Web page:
Once you expand the amount of skin needed for reconstruction, there’s an eight-week wait before the expanders are removed and permanent implants are put in.

That’s where Haynes is now. But it hasn’t been a straight road to reach this point.

Haynes underwent her bilateral operation March 1, but two weeks into her recovery she developed a 5-inch hematoma, a tumor-like collection of blood in her chest. She headed back for more surgery, leading to four more days in the hospital.

Haynes also had some skin that didn’t survive and had to spend six weeks caring for that, making sure the area didn’t become infected. She dealt with body drains for five weeks.

It was mid May until Haynes could start the expansion process and receive her first injection of saline. Her last injection was late August, starting the waiting period leading up to her reconstruction.


As long as he practices, Roy says, he will consider Eidson and Haynes his patients.

Even if there’s no re-occurrence of cancer, he is still monitoring scar tissue and the breast implants, which probably will need to be replaced in seven to 10 years.

“These patients become my family,” Roy says. “… It’s overwhelming, so it’s my job to not make it overwhelming.”

For both women, their first consultation with Roy came on a Saturday, something he likes to do because it gives him more time to be with the patients.

“His compassion helped to put me at ease,” Haynes says.

Roy became Ann’s chief source of information because she didn’t have that close friend Janet would have in her.

Plus, Roy becomes super-attentive to his patients. He acknowledges he has a crazy fear about infection and takes every safeguard against it.

Eidson says Roy was texting her every day about her drains and how they were doing. How was she feeling? Did she have any kind of fever? What was the output on her drain? Send him a photo of the rash she mentioned.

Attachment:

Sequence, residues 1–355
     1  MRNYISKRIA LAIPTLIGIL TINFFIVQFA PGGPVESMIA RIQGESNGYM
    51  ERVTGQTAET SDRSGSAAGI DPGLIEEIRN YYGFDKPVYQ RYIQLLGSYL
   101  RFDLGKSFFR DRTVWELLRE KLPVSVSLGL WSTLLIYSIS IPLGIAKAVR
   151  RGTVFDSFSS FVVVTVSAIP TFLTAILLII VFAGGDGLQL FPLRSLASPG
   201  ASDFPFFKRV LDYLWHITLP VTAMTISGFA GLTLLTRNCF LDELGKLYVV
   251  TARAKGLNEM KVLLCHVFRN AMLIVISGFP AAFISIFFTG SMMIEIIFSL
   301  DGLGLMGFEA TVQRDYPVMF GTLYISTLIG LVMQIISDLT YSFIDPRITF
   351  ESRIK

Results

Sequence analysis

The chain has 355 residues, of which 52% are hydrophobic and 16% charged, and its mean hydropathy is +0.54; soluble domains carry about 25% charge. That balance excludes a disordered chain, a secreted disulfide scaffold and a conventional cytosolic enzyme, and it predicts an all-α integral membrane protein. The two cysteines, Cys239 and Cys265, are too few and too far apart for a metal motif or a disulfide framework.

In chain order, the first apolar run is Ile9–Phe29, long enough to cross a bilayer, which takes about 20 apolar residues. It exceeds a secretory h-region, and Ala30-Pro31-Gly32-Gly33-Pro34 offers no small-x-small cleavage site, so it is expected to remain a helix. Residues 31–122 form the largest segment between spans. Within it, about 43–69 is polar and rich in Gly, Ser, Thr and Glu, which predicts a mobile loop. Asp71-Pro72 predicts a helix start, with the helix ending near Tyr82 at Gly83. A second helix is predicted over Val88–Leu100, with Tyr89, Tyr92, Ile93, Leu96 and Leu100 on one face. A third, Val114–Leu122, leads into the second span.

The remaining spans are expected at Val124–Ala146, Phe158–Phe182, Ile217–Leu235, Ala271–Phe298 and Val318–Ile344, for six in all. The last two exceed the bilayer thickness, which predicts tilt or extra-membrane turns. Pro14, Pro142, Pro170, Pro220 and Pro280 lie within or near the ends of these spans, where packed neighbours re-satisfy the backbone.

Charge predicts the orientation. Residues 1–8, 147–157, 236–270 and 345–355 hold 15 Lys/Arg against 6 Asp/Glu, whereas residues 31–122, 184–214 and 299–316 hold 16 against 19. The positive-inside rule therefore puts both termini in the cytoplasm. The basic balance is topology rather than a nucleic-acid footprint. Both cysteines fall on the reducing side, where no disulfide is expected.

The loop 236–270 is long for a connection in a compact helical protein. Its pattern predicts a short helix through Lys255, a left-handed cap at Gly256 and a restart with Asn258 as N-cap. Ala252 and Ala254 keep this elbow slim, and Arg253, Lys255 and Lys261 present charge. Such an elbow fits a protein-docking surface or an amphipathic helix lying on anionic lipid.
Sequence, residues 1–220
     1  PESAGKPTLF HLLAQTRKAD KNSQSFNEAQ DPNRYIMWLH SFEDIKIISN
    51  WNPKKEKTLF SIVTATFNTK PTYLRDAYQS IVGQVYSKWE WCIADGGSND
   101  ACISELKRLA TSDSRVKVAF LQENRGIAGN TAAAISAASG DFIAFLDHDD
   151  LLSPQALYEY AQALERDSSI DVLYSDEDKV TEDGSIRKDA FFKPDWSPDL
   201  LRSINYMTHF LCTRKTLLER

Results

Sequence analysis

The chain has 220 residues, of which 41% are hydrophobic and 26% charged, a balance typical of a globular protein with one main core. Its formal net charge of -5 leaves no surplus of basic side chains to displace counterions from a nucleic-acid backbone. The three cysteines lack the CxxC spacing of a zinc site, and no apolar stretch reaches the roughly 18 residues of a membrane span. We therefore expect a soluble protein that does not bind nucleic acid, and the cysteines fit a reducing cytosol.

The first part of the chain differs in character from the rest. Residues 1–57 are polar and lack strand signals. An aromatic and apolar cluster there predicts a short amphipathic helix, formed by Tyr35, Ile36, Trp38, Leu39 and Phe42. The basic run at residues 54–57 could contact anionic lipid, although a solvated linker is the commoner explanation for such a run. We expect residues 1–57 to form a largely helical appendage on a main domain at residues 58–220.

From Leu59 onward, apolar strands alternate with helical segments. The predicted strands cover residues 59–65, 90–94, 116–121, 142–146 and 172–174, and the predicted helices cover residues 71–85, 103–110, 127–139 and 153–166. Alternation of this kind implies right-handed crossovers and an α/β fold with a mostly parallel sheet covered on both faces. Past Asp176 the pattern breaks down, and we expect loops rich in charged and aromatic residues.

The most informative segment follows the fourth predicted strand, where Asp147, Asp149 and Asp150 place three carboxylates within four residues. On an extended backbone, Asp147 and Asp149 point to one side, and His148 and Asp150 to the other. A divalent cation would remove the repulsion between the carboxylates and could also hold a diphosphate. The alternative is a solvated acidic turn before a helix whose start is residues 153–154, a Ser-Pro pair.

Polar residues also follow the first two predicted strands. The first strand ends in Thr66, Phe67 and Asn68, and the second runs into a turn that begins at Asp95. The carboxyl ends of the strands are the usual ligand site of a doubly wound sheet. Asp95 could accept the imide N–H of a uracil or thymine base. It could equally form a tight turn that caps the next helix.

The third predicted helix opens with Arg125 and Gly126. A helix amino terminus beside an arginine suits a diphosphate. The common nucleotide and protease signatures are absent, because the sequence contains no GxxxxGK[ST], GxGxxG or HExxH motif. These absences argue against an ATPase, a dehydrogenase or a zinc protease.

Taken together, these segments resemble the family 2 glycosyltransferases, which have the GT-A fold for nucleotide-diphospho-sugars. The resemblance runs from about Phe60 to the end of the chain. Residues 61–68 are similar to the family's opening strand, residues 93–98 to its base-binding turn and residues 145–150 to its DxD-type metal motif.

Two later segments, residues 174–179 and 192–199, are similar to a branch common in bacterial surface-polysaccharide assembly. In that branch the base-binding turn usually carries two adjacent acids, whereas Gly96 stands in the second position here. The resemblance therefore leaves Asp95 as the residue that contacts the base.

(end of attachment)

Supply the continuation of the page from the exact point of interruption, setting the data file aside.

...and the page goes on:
“How many other doctors are texting their patients?” Eidson asks.

There’s a purpose, Roy says.

“This in the end is to restore this,” he says, pointing to his head. “I give you the opportunity to gain your confidence again.”


Haynes treasures little things these days, such as the “Be Brave” candle Ann gave her. “It truly is the simple things that help you get through,” Haynes says.

They wear matching pink bracelets.. A college suite-mate of Eidson’s had first given her one, then she bought one for Haynes.

During her recovery from surgery, Haynes also received a yellow “sunshine basket” from the Sonshine Girls of Cornerstone Church. It gave her and Eidson an idea of making up all-things-pink baskets for friends they would hear of in the future who are fighting the same breast cancer battle.

So far, they’ve made up and delivered seven of the baskets.

The women stress it was their medical dream team who helped in making the right decisions for them, and presenting the options they could live with.

“We could not have had better results,” Eidson says. “The doctors are wonderful.”

Contact Mark Wineka at 704-797-4263, or